Simultaneous processes are related to the parietooccipital region of the brain. Researchers have identified this region as the location where the brain codes and stores information pertaining to the senses. Together simultaneous and successive processes enable the human brain to perceive and integrate stimuli. Successive processes operate sequential perception whereas simultaneous processes control the perception of stimuli and the integration of multiple parts into a whole. Simultaneous processing skills are necessary to a person's ability to read, write and spell.
Exploring Simultaneous Processing Skills
In 1973, Aleksandr R. Luria proposed a theory, which outlined the brain into three functional units. The second functional unit in Luria's theory encompasses the occipital, parietal and temporal lobes. This unit is primarily responsible for the reception, analysis and storage of information at increasing levels integration and meaning. The primary levels of the occipital and parietal lobes sensor and register auditory, visual and somatic information. Following, the secondary levels transform sensations into perceptions. Eventual levels of processing fully integrate perception so that all multiple pieces of sensory information become one unit. At these higher levels, simultaneous processes enable multiple cognitive processes to occur at the same time. These processes entail the ability understand what one is reading and writing, and visualizing. Additionally, simultaneous processing allows for complex thoughts, including mental imagery and visualization techniques.
Simultaneous Processing Skills and Reading and Writing
Simultaneous processing is occurring as you read this article. In terms of reading and writing, simultaneous processing allows your brain to interpret many things at once. Your brain identifies letters as words; while processing the next word, it analyzes the previous and at the same time, your brain is linking the words, sentences, phonology and semantics of text strings to create logical thoughts. In "The Role of Message Analysis in Interpretation," William Isham sums up the intricacies of simultaneous processing in stating, "A particular utterance (also to be called a "text") in any given time and place conveys many different things simultaneously. A text can be likened to a many sided crystal. Each face represents only one part of what a speaker expresses the moment the phrase or sentence is uttered, and taken alone, does not have much meaning; only by seeing the entire crystal do we fully understand the speaker's message." Simultaneous processing skills are necessary to one's ability to piece multiple strands of information into one idea.
Simultaneous and Successive
The main difference between simultaneous and successive processing is that in simultaneous processing, information received is coded in a multidimensional manner, whereas in successive processing, incoming data is coded in a one-dimensional way. Successive processing links information together by ordinal links and it is involved in breaking down or analyzing information. On the other hand, simultaneous processing joins information together through unique spatial and verbal patterns to represent relations. Individuals have different levels of simultaneous and successive processing abilities. These levels vary according to the individual, their level of attention, the nature of the task and interactions between variables.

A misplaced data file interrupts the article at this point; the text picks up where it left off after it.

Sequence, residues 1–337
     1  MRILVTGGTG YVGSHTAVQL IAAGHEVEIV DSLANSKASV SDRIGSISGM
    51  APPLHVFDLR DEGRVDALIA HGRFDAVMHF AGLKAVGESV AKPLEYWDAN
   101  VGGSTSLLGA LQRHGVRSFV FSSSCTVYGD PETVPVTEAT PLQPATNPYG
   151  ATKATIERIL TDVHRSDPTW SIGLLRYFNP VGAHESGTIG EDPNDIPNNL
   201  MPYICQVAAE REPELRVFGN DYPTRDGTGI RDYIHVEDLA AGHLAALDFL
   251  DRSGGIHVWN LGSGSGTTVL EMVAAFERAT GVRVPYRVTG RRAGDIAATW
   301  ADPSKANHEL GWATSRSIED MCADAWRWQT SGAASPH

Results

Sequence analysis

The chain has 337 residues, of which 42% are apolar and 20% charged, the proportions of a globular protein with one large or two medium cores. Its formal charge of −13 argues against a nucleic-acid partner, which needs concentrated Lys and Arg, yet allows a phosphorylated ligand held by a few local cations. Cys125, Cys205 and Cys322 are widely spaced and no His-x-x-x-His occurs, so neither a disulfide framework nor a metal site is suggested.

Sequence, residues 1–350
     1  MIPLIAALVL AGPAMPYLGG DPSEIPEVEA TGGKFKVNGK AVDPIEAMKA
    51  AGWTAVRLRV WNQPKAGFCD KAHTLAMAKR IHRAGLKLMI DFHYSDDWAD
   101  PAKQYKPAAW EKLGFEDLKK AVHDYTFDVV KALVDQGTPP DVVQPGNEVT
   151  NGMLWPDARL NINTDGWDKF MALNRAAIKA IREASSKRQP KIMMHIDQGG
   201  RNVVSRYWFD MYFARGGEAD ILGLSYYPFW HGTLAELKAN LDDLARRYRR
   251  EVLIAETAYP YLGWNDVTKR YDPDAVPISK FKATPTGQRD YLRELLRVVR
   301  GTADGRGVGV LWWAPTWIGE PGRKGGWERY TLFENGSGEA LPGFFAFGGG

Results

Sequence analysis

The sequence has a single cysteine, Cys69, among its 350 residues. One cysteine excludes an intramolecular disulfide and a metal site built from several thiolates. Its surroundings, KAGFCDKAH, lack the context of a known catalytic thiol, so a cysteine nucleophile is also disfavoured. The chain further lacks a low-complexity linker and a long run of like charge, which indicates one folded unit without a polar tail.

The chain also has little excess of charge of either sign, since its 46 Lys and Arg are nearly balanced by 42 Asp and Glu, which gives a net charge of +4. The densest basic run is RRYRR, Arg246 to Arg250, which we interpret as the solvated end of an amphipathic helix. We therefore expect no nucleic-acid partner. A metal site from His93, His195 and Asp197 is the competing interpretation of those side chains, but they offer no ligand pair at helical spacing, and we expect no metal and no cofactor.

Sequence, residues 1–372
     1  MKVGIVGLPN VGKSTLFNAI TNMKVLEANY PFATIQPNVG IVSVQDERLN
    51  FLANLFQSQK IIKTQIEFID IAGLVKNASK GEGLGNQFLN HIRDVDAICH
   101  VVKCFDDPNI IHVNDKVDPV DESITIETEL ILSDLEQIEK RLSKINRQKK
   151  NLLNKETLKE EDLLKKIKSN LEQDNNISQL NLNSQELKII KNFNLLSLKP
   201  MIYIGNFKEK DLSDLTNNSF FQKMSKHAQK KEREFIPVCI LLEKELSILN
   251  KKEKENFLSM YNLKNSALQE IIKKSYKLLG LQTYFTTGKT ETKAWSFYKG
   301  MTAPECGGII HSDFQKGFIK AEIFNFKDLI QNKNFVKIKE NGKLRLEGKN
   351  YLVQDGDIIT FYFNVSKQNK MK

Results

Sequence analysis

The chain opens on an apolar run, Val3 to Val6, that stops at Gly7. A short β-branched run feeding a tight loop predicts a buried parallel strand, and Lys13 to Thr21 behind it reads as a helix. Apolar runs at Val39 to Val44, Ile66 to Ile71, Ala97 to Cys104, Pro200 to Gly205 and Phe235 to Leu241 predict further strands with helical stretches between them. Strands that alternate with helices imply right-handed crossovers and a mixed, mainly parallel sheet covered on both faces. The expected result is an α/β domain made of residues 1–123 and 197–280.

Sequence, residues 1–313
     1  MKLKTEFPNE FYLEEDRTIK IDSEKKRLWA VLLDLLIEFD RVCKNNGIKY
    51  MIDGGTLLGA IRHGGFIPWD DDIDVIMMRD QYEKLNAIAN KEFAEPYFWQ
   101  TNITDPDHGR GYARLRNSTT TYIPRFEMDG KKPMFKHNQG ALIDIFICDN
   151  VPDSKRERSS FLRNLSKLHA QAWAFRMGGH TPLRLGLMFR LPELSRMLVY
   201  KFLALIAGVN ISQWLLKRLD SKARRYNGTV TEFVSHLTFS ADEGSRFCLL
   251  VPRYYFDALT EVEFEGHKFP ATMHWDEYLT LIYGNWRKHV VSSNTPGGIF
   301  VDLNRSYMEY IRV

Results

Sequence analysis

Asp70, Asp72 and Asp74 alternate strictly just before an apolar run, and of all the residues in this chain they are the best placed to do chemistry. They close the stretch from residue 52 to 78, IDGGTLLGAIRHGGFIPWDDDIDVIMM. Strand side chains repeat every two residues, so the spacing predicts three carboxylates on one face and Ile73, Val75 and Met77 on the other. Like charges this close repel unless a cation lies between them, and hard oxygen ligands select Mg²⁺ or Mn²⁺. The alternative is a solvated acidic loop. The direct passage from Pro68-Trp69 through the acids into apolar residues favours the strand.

In a 1994 study conducted by Das, Naglieri & Kirby ("The Assessment of Cognitive Processes: The PASS Theory of Intelligence"), research showed that children suffering from learning disabilities involving reading, writing and spelling typically exhibited an inferior ability or inclination to use simultaneous or successive processing as compared to other children. In particular, simultaneous processing deficits result in a reduced reading and writing comprehension skills. Similarly, in spelling, the children without adequate simultaneous skills will not use mental imagery or visualization and consequently misspell words and syllables. Both the spatial and logical-grammatical dimensions of simultaneous processing play important roles in regulating information, creating perceptions and synthesizing word parts into holistic bits. Children with insufficient simultaneous skills, therefore, suffer from a lesser ability to thoroughly examine and recall stimuli.
- 2007; Neuropyschological Assessment Approaches and Diagnostic Procedures; In M. S.-C. Ellison; Child Neuropyschology: Assessment for Intervention and Neurodevelopment Disorders (p. 167); New York; Springer.
- The 20th Asian Conference on Intellectual Disabilities;Pusan National University: Department of Special Education; "The Study of PREP's Successive Processing Training Effect on Word Reading for Mild MR"; Woon Keen Jung
- Wits Institutional Repository on DSpace; The Use of Mental Imagery in Improving the Simultaneous and Successive Processing Abilities of Grade V Learners With Learning Disorders of Reading and Written Expression; Karen Els; Feb. 16, 2007
- The Chicago School of Professional Psychology;Luria's Neuropyschological Theory
- Isham, William P. "The Role of Message Analysis in Interpretation." In Proceedings of the 1985 RID Convention. Edited by Marina L. McIntire. Silver Spring, Maryland: RID Publications, 1986
- Das, J. P., Naglieri, J. A., & Kirby, J. R. (1994). The Assessment of Cognitive Pprocesses: The PASS Theory of Intelligence. Boston: Allyn & Bacon
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